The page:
Vascular lesions: Avoiding diagnostic pitfalls

August 1, 2006

Seattle - Accurate diagnosis of vascular proliferations can be both difficult and critical, given a relatively wide disparity in clinical outcome between the different types of lesions, according to Omar P. Sangueza, M.D., professor and director of dermatopathology at the Wake Forest University School of Medicine, Winston-Salem, N.C.

Seattle - Accurate diagnosis of vascular proliferations can be both difficult and critical, given a relatively wide disparity in clinical outcome between the different types of lesions, according to Omar P. Sangueza, M.D., professor and director of dermatopathology at the Wake Forest University School of Medicine, Winston-Salem, N.C.

In a presentation at the 42nd Annual Meeting of the American Society of Dermatopathology in Seattle, Dr. Sangueza presented clinical cases that highlighted this point, explaining the diagnosis of relatively innocent lesions that can be mistaken for Kaposi's sarcoma or angiosarcoma.

"My purpose here is to teach people how to recognize a variety of lesions and give them their proper name so that appropriate treatment is provided," Dr. Sangueza tells Dermatology Times. "Avoiding overdiagnosis is crucial because the clinical outcome of Kaposi's sarcoma and angiosarcoma are typically very poor."

Historically, Kaposi's sarcoma was a rare form of relatively benign cancer that tended to occur in elderly men of Mediterranean or African heritage and immunocompromised patients. But in the early 1980's, several cases of a more aggressive form of Kaposi's sarcoma was identified in the United States among homosexual men with advanced HIV infection. Today, in the United States, Kaposi's sarcoma is known as a clinically aggressive, AIDS-defining illness in which morbidity can occur from extensive cutaneous, mucosal or visceral involvement.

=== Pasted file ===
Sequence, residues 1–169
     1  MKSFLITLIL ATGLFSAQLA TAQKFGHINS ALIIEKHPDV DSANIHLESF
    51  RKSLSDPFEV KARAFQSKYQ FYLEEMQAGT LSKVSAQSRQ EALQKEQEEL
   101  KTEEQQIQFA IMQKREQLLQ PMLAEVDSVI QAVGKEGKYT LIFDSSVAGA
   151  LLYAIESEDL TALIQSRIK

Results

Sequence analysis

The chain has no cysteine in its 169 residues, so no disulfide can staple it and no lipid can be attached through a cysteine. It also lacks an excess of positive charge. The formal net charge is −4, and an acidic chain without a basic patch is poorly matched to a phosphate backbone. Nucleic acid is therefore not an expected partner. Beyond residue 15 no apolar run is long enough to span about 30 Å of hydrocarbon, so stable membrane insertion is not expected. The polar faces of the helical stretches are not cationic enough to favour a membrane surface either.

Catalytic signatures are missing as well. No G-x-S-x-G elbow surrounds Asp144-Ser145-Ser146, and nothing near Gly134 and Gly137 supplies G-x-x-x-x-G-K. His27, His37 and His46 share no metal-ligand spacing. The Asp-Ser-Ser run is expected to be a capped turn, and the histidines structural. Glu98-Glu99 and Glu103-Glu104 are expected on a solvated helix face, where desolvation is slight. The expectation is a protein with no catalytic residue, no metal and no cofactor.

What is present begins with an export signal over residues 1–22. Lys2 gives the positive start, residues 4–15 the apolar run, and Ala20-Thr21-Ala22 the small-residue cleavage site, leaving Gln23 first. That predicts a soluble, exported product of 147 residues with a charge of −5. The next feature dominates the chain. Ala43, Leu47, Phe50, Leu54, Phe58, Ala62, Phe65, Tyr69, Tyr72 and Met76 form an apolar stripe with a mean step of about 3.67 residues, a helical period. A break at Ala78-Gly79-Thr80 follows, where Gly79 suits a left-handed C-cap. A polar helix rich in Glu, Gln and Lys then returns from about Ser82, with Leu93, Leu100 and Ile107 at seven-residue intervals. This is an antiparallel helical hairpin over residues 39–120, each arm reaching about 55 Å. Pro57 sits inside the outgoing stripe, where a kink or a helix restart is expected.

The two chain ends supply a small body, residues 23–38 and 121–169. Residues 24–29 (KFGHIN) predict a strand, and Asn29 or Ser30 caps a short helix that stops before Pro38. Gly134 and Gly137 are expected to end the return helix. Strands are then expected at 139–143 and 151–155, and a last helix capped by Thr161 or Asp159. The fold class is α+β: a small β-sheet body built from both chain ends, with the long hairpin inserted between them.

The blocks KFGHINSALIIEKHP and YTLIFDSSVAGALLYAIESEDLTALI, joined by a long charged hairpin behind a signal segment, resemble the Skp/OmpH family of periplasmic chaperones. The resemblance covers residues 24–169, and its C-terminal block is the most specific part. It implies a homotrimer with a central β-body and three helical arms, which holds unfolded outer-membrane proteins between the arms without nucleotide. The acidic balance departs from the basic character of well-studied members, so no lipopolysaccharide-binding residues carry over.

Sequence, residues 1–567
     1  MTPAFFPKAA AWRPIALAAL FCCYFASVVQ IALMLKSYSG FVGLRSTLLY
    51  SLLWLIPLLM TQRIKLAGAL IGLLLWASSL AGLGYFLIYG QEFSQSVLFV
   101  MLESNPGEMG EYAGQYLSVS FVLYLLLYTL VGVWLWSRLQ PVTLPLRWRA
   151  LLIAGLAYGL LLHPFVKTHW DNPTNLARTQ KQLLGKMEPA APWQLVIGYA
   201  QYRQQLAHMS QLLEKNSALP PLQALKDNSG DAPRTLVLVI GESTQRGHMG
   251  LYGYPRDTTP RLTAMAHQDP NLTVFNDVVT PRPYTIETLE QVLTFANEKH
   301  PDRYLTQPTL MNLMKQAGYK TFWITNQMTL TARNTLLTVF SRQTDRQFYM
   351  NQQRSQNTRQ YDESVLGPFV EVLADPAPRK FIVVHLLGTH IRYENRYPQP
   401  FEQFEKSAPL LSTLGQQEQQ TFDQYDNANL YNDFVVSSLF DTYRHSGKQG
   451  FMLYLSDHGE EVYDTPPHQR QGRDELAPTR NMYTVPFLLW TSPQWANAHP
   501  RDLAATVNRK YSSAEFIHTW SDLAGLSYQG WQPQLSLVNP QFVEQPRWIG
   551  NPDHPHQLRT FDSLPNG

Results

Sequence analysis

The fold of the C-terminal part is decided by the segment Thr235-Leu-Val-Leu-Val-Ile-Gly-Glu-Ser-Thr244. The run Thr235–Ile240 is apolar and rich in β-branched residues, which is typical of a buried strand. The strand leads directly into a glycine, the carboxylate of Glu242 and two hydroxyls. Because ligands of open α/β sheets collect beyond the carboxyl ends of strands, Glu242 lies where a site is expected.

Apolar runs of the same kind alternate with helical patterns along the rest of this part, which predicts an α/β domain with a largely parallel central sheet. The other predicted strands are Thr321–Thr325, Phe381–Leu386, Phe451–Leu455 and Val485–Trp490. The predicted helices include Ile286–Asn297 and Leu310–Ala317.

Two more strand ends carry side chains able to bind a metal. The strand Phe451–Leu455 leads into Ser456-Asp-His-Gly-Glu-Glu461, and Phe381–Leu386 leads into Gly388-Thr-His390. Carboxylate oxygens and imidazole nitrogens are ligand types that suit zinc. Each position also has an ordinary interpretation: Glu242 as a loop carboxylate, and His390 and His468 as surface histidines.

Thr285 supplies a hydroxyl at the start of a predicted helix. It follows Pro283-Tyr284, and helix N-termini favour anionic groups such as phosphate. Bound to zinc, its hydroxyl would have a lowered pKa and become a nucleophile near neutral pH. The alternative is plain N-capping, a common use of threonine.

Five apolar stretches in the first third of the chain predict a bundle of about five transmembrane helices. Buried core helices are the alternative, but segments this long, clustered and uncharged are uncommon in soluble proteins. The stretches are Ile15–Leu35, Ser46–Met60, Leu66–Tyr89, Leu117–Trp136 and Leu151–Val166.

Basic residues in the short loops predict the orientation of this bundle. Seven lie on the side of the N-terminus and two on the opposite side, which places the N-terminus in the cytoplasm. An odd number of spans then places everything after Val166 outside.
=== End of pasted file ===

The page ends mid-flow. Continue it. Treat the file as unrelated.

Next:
Kaposi's sarcoma can be easily confused with a number of other soft tissue lesions, including, Dr. Sangueza says, several benign vascular proliferations. Two important examples would include benign lymphangioendothelioma and spindle cell hemangioma, both of which occur in young adults.

Benign lymphangioendothelioma clinically presents as large infiltrative plaques usually on the lower extremities. Histologically, the lesions are very similar to those of Kaposi's sarcoma, except for the absence of plasma cells.

Spindle cell hemangioma is histopathologically comprised of well-circumscribed, non-encapsulated nodules having features of both hemangioma and Kaposi's sarcoma. Nodular forms of Kaposi's sarcoma constitute a singular differential diagnosis with spindle cell hemangioma. The nodules of Kaposi's sarcoma distinguishingly have very few dilated blood vessels, generally without epithelioid round cells with vacuolated cytoplasm. Additionally, the presence of the human herpes virus 8 in Kaposi's sarcoma individualizes the lesion.

Angiosarcomas

Angiosarcomas are rare vascular neoplasms that tend to be clinically aggressive and difficult to treat, with a low survival rate. Patients who present at advanced stages and do not undergo extensive excision are likely to have higher rates of recurrence and distant metastasis, as well as worsened survival. Although the etiology of most cases of angiosarcoma is unknown, lesions have been observed after mastectomy for breast carcinoma and in areas that have been irradiated.

According to Dr. Sangueza, poorly differentiated angiosarcomas demonstrate solid proliferations of polygonal or spindle-shaped pleomorphic endothelial cells, with prominent mitotic activity and poorly-formed vascular spaces. This can make them difficult to distinguish from carcinoma, melanoma, or a high-grade fibrosarcoma.

In these cases, the presence of cytoplasmic vacuoles within the neoplastic cells is valuable in the differential diagnosis of poorly differentiated angiosarcomas. In addition, few-to-no erythrocytes are present within the vascular spaces.

These and other histopathological considerations in differential diagnosis can reduce over-and under-diagnosis of aggressive disease and subsequent risk to the patient, Dr. Sangueza says.

"That's why it is so important to make a proper diagnosis of a vascular proliferation," he concludes. "This area of study has become very important today."

Disclosure: Dr. Sangueza reports no disclosures pertinent to this article.

For more information:
http:// http://www.wfubmc.edu/pathology/faculty/sangueza.htm
http:// http://www.ncbi.nlm.nih.gov/entrez/query.fcgi?CMD=search&DB=pubmed/
http:// http://www.asdp.org/search_member.php?ID=35113/